The Arizona Democrat running for Senate will not vote for New York Sen. Chuck Schumer as party leader if elected, even though he endorsed her early campaign.
Rep. Kyrsten Sinema, the Democratic nominee for Senate, is criticizing the national party in apparent move to attract voters to help her take the Republican seat being vacated by Sen. Jeff Flake, who will retire at the end of this term. (RELATED: Jeff Flake Is Apparently Trying To Get A Job On MSNBC Or CNN)
“I am not going to vote for him,” Sinema said in an interview with Politico when asked about her opinion on the current minority leader.
Before Sinema announced her candidacy for the open Arizona Senate seat, Schumer quietly offered his endorsement to the fourth-term representative in August 2017, The Hill reported at the time. She became the first politician to represent the newly-created 9th district, which covers vast swaths of Phoenix suburbs, in 2012.
Republican Sen. John Cornyn of Texas doubted that Sinema would hold to her commitment against Schumer. “I don’t have much doubt about how she would vote as a member of the Democratic conference when she got here,” Cornyn told Politico.
To win Arizona, which President Donald Trump won in 2016 by more than three percentage points, Sinema appears to be taking a centrist platform, avoiding tough criticism of Trump and criticizing her own party.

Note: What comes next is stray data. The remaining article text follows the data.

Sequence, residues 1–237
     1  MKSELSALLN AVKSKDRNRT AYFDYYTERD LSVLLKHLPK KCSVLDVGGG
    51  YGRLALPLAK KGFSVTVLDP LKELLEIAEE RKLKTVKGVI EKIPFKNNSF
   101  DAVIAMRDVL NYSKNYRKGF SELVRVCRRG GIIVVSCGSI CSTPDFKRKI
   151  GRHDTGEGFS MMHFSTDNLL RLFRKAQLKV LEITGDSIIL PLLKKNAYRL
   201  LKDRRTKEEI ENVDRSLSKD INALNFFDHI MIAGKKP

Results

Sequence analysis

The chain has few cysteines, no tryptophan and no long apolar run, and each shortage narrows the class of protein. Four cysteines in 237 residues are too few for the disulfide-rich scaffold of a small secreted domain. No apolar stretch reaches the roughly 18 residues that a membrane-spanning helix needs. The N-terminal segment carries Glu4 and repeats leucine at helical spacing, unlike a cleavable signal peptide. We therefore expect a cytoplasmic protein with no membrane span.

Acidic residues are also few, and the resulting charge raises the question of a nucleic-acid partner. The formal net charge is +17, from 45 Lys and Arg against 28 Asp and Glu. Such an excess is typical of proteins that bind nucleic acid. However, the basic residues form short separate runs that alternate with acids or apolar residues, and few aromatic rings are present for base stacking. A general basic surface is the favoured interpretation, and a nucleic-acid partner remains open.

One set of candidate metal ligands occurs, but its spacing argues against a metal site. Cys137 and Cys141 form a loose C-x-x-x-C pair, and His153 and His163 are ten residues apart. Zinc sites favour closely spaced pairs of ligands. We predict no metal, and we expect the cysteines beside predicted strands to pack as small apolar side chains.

“The Democratic leadership has failed Democrats across the country,” Sinema told Politico. “I am unafraid to say what I believe about what I think our party needs to do, and I think our party needs to grow and change.”
When asked if Trump made a good president, Sinema gave the controversial president the benefit of the doubt. “He has challenges,” Sinema said. “Transitioning from a CEO position to a presidency is probably a difficult challenge.”
Republican hopefuls for Flake’s seat are battling it out for GOP nomination in the August 28 primary. Arizona Rep. Martha McSally is supported by Majority Leader Mitch McConnell of Kentucky, while former-Maricopa County Sheriff Joe Arpaio, who received a presidential pardon earlier this year, and state Sen. Kelli Ward are also gunning for the seat.
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